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Archive for Sunday, July 29, 2001

A skirmish in American culture wars

July 29, 2001

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— The largest city in the Granite State is blessedly free of presidential candidates this summer, but it is not devoid of controversy. A rock concert that drew an estimated 10,000 young people to a city park last Sunday night produced more than 80 complaints to police and touched off what Mayor Robert Baines told me was for him an unprecedented furor.

As late as Thursday, the Page 1 headline in The Union Leader, New Hampshire's biggest paper, read, "Concert War Rages." A day earlier, when I came to town to do some totally unrelated political reporting, the paper ran two separate editorials denouncing the event.

Publisher Joseph McQuaid declared on Page 1: "Manchester should do whatever it takes to put a quick and decisive end to the kind of filth that masqueraded as a 'music concert' at Singer Park last Sunday evening." On the editorial page, editor Bernadette Malone Connolly agreed that "what happened at Singer Family Park on Sunday cannot happen again."

"Manchester residents," she wrote, "should not have to hear the 'F-word' repeated throughout the evening over a rock band's amplifiers, nor should they have to put up with young girls ripping off their shirts and bras and couples indulging in bedroom activities out in the open."

But when I asked Mayor Baines if he was considering shutting down the concerts, he said, "Absolutely not. I'm planning to be there with my daughter at one of the September dates." The mayor said, "I'm trying to work with the promoters" to adjust the sound system, so people with nearby homes along the river are protected. "The series is very good for the community."

The promoters of the event sounded unrepentant. Bud Comstock, president of the company that booked the heavy metal bands called Slipknot, Disturbed and Mudvayne, was quoted by the Union Leader as saying, "We're trying to appeal to a wide variety of people with each show. The attendance speaks for itself on what people want." A rock radio station organized a demonstration at City Hall to keep the concerts going.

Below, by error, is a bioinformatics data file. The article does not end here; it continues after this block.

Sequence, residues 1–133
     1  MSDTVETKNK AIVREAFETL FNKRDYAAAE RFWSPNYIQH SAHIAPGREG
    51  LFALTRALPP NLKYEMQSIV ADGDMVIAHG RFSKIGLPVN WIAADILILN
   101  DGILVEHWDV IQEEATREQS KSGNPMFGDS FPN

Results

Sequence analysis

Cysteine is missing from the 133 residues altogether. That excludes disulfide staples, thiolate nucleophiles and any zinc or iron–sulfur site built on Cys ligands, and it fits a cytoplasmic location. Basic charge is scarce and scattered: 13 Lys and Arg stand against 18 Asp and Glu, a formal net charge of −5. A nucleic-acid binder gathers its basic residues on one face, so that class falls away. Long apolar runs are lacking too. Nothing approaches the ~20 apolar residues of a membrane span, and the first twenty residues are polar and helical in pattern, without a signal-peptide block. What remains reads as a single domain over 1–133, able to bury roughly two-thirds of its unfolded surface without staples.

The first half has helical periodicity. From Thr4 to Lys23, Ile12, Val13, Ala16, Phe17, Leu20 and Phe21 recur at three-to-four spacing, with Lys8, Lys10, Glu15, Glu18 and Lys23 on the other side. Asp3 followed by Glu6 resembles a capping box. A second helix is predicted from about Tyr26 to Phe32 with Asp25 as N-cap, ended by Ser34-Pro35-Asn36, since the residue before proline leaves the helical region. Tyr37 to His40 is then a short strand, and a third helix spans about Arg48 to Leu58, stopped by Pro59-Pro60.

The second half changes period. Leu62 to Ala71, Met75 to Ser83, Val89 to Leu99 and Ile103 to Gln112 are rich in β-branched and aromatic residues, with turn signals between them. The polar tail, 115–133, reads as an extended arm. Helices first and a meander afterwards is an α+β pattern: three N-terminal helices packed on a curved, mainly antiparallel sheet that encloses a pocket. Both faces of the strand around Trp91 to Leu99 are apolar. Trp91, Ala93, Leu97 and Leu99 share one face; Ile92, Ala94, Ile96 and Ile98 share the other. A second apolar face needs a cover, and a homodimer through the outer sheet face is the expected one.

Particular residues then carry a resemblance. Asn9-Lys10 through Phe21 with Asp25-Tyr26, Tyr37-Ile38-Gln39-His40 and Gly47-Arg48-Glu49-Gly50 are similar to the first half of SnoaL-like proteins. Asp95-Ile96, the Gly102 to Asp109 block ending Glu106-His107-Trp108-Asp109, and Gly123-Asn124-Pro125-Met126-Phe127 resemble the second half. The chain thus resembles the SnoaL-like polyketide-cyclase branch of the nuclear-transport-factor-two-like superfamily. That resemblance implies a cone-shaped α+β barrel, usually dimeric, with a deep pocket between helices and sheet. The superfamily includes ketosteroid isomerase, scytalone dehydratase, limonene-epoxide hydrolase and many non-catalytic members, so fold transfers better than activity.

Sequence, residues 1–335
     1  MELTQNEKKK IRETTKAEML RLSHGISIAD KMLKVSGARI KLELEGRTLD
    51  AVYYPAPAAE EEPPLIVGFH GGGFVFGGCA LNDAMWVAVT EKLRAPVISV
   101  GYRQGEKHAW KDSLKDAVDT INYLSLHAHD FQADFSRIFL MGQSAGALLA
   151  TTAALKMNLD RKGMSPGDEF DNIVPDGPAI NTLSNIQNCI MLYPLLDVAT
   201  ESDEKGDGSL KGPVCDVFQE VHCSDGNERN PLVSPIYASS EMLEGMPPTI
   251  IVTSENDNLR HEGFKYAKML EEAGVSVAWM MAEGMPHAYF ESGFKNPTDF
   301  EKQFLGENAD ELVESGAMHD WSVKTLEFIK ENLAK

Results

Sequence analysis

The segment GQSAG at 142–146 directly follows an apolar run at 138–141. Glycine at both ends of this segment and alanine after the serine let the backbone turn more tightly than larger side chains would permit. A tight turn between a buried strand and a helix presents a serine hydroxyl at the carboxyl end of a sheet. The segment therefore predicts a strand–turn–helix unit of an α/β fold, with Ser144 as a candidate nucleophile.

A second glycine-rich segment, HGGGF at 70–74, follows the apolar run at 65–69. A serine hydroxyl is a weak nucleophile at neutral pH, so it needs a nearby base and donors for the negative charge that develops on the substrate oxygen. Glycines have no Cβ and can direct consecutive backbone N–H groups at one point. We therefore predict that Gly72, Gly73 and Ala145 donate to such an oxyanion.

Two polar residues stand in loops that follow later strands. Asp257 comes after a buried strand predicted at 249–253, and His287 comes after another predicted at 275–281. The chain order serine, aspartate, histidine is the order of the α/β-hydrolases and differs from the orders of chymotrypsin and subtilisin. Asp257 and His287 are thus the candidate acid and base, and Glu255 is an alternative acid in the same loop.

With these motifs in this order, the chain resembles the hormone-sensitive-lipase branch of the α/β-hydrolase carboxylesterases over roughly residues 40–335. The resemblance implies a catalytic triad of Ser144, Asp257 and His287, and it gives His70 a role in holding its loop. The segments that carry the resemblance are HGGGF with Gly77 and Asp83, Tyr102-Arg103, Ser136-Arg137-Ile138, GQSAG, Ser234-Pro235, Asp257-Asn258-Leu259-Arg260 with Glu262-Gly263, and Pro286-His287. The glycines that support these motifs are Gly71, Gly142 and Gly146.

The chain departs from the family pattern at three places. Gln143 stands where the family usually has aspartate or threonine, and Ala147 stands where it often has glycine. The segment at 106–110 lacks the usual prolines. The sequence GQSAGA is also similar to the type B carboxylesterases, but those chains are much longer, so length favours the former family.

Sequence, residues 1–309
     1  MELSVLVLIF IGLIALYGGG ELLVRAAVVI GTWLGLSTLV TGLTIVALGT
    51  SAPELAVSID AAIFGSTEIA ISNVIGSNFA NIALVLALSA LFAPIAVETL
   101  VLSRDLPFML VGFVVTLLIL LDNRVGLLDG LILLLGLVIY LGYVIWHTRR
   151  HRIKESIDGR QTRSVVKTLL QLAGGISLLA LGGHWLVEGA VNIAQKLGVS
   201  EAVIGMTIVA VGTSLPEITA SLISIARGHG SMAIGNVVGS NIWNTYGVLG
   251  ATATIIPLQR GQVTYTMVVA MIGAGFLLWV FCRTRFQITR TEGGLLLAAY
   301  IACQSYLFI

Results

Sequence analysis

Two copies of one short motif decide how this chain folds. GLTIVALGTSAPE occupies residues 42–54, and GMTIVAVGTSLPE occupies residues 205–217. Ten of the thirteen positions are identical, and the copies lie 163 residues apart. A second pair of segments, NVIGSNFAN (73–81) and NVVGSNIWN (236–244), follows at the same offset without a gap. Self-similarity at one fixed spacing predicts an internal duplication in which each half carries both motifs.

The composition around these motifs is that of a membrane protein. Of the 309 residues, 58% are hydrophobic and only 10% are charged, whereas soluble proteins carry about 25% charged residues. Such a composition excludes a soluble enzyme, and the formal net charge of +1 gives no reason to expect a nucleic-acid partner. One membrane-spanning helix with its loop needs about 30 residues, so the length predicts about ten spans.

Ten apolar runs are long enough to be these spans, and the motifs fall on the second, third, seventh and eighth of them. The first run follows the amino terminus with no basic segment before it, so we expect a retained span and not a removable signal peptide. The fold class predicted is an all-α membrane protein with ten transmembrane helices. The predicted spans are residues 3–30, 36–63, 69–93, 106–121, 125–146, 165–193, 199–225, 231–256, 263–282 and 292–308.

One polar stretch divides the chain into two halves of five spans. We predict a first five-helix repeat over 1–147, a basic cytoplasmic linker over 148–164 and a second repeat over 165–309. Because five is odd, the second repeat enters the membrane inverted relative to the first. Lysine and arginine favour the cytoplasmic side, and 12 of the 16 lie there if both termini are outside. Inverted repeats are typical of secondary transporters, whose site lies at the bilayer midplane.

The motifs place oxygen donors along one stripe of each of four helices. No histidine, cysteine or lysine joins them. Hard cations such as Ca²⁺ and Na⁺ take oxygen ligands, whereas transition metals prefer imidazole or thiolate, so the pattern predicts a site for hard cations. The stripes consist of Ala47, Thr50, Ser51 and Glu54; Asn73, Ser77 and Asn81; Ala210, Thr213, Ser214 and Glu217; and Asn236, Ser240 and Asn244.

This is just a small skirmish in the culture wars that increasingly dominate our politics. Look at the controversies in Congress, the courts and the White House in just the last few weeks over flag burning, school prayer and stem cell research. But it is hard to figure out what Americans really want their government to do about such issues.

On the flight to Manchester, I read news reports about a Kaiser Family Foundation survey indicating that the V-chip, which Congress and President Clinton insisted was vital to enable parents to control their children's television viewing, is used so rarely it might as well not exist.

Five years ago, when the law was passed requiring this electronic censoring device to be included in all new TV sets, it was asserted that families were desperate to protect youngsters from violent or suggestive shows. Guess what? The survey of 800 families found that 40 percent of the parents have bought TVs recently enough that they include V-chips. But half of them didn't even know the V-chips were there. And of those who did, barely one-third said they had ever used them.

Those same parents still claimed to be very concerned about sex and mayhem on the tube, the survey found. So go figure.

Yet another case. In the current issue of the American Prospect magazine, California journalist Peter Schrag argues that the federal government is "out of sync with voters" in pursuing the so-called war on drugs. He says that the success of all but one of 15 ballot initiatives allowing medical use of marijuana or decriminalizing drug possession and diverting users into treatment programs demonstrates that politicians who promise to "get tough" on drugs just don't get it.

Having covered some of those initiative battles, I know that George Soros and the two fellow multimillionaires who have financed these efforts generally have outspent their opponents by a wide margin. But it's hard to maintain that the voters in all these different states have been duped or brainwashed. Yet candidates who take a hard line on drugs win at the polls even in the same states where these initiatives have passed.

People just refuse to be as consistent as either the moralizers or the civil libertarians wish. Drugs and sex and violence are bad things to be denounced. But do we really want to close them down? As Mayor Baines says, "Absolutely not." Condone them? "Absolutely not."

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